FCC Lays Groundwork for Defining 5G Spectrum
The FCC today issued a Notice of Proposed Rulemaking to define the spectrum rules that may help form 5G networks in the U.S. It designated four new bands to be studied for 5G. The four swaths of spectrum are high in the band, including the 28GHz band (27.5GHz to 28.35GHz), the 37GHz band (37GHz to 38.6GHz), the 39GHz band (38.6GHz to 40GHz), and the 64-71GHz band. FCC Chairman Tom Wheeler said the agency is "taking a serious leap that creates a competitive opportunity for this nation to be a leader in the forthcoming 5G world." Moreover, the FCC will propose to the World Radio Conference 2015 in Geneva that these bands become added to the 5G standard. The Notice includes a number of rules, such as geographic area licensing, unlicensed use, and how to balance cellular broadband deployments with those deployed by private entities. Coexistence will be promoted throughout, as some bands will be shared with existing federal services. Such high spectrum bands were previously thought to be unusable due to their wavelength and propagation constraints. "Engineers have turned these weaknesses into strengths by finding ways to use short wavelengths to build dynamic beam-forming antennas to support high capacity networks that are small enough to fit into handsets," said Commissioner Mignon Clyburn. "Many expect that these engineering advances will lead to 5G networks that will offer much higher data speeds and substantially lower latency than what commercial mobile services offer today." Today's 4G LTE networks are primarily deployed in spectrum between 700MHz and 2100MHz, with some in the 2500MHz band. The ITU has yet to define what 5G itself will be, and doesn't expect to for some time.
FCC Chair Says 5G Is a 'National Priority'
FCC Chairman Tom Wheeler plans to push the nation's 5G agenda forward this week by defining the spectrum that the wireless networks of the future will use. "I am circulating to my colleagues proposed new rules that will identify and open up vast amounts of spectrum for 5G applications," said Wheeler.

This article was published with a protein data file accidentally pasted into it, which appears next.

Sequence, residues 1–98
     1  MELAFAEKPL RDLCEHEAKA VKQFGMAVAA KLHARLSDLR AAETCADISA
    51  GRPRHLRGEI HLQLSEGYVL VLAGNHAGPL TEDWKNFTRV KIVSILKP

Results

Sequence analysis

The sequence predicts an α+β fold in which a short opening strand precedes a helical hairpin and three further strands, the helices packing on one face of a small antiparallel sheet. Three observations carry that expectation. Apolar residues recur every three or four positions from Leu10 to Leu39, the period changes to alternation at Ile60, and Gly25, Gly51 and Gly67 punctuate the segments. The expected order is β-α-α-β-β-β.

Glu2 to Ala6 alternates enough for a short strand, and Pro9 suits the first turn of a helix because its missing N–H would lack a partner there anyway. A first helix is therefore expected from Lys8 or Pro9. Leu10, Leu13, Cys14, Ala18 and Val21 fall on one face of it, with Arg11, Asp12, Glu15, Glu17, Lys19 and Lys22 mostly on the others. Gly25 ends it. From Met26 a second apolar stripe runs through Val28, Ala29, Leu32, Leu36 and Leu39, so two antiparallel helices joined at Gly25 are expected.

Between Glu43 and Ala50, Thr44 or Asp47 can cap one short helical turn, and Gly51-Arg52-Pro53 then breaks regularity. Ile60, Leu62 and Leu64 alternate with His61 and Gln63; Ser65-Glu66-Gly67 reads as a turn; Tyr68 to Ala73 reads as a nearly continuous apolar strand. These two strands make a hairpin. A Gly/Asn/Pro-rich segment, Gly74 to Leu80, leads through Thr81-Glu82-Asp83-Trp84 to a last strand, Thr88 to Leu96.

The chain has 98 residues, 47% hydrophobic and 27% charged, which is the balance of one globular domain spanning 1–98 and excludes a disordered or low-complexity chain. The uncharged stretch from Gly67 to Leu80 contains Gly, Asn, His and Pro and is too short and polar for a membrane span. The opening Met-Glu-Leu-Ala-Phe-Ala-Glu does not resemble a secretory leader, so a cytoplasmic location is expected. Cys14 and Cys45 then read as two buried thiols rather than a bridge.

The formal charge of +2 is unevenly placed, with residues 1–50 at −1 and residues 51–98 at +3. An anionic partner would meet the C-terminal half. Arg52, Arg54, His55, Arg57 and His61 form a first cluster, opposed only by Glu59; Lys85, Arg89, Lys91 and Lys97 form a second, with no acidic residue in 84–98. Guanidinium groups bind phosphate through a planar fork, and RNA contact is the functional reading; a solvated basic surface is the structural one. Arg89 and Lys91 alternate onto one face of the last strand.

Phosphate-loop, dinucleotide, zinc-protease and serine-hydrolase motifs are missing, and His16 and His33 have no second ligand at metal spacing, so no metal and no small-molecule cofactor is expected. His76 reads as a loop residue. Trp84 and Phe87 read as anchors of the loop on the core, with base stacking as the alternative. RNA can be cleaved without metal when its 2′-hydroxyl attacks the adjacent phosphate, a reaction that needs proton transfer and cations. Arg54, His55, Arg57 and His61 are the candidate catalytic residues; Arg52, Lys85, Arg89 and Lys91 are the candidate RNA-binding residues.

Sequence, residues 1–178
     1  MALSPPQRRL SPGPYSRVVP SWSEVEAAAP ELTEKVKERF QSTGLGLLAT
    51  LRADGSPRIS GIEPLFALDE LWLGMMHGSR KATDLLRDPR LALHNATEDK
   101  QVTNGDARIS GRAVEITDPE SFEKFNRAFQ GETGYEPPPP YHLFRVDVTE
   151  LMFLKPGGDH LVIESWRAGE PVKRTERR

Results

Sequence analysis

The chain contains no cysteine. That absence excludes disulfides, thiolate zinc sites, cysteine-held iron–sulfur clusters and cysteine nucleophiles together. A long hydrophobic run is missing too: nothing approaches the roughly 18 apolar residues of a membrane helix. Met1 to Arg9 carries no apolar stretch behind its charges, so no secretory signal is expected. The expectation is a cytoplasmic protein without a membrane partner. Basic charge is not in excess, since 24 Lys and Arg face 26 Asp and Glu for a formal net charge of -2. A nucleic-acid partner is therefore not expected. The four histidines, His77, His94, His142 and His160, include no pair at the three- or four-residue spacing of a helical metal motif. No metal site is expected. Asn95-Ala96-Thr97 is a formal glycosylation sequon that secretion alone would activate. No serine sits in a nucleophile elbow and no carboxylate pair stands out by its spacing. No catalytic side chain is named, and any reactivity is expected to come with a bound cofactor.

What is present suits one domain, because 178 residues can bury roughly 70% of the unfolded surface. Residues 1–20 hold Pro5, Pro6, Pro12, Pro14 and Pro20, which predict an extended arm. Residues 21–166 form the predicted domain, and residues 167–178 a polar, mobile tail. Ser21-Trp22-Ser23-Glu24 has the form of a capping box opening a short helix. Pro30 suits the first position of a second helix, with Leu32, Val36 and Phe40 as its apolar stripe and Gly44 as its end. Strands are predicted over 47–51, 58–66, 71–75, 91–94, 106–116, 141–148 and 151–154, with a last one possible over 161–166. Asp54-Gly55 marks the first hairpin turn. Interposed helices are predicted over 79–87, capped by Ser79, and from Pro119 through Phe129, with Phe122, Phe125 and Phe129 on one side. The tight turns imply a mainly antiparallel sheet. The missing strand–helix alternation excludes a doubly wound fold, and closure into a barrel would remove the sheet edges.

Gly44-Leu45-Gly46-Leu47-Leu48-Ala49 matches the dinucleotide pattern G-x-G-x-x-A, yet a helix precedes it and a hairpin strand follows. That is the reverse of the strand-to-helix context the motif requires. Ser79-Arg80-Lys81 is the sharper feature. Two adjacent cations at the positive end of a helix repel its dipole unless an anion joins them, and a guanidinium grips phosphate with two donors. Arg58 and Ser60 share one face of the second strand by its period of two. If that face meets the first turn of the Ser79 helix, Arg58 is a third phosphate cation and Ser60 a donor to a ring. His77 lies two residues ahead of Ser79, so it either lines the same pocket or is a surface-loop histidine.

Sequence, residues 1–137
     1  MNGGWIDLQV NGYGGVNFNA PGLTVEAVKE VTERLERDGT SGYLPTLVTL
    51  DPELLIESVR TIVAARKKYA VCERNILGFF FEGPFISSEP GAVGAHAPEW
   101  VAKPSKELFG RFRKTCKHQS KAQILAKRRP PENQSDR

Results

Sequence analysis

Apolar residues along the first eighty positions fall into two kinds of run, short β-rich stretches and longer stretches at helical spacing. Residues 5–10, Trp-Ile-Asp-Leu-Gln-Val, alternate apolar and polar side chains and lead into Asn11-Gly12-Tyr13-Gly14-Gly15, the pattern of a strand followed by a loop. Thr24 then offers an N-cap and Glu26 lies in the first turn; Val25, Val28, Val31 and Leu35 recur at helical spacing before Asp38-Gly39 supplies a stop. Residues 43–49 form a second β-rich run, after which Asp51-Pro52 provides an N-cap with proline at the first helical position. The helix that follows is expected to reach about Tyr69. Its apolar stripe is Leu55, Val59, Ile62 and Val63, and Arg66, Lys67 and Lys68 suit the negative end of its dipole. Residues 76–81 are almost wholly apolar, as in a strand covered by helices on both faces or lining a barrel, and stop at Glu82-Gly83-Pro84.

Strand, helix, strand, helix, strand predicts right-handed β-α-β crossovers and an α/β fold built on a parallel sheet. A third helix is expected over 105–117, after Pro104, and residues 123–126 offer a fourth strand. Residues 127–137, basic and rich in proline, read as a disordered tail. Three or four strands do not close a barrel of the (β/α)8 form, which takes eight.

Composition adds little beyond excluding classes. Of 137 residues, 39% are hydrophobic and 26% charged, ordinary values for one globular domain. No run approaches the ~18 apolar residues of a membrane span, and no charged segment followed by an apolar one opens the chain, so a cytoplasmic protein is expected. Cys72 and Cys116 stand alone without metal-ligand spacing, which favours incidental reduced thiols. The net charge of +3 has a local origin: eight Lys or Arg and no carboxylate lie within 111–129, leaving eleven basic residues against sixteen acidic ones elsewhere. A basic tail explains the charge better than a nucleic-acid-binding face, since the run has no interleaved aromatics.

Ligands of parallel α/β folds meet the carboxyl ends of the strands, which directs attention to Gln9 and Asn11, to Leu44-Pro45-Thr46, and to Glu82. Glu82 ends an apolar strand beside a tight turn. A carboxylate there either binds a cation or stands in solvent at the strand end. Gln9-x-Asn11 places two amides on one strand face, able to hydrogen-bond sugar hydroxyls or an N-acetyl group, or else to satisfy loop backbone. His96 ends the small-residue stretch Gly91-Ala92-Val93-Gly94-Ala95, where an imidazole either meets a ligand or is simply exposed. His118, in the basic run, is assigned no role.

FCC Hoping for Global 5G Spectrum Bands
Tom Wheeler, chairman of the FCC, today said the agency would like to see 5G technologies used on the same spectrum bands around the world. If a significant number of countries agree to use the same bands for 5G, international roaming will be far less complicated than it is today.
FCC Weighing Mid-Band Spectrum for 5G
The FCC today issued a Notice of Inquiry concerning new spectrum bands it is eying for potential 5G deployments. Until today, the FCC has targeted 5G deployments in spectrum below the 3.7 GHz band and above the 24 GHz band.
ITU Inches Closer to Defining 5G Spectrum
The International Telecommunications Union recently concluded the World Radiocommunication Conference 2015 (WRC-15) and moved forward several initiatives meant to allocate spectrum for mobile broadband. The conference, which recorded some 3,300 attendees, covered more than 40 topics across the gambit of wireless services.
Sprint Targeting 2019 Launch for 5G On Its 2.5 GHz Spectrum
Sprint today said it is working with Qualcomm and SoftBank to develop 5G technologies, including the 3GPP New Radio (NR) standard, for Sprint's 2.5 GHz spectrum (Band 41). Sprint's 2.5 GHz airwaves offer a massive footprint around the country, making it ideal for providing coverage.
They of course can use boosters or repeaters, but in general the higher frequencies are for more capacity and speeds. You'll see them ...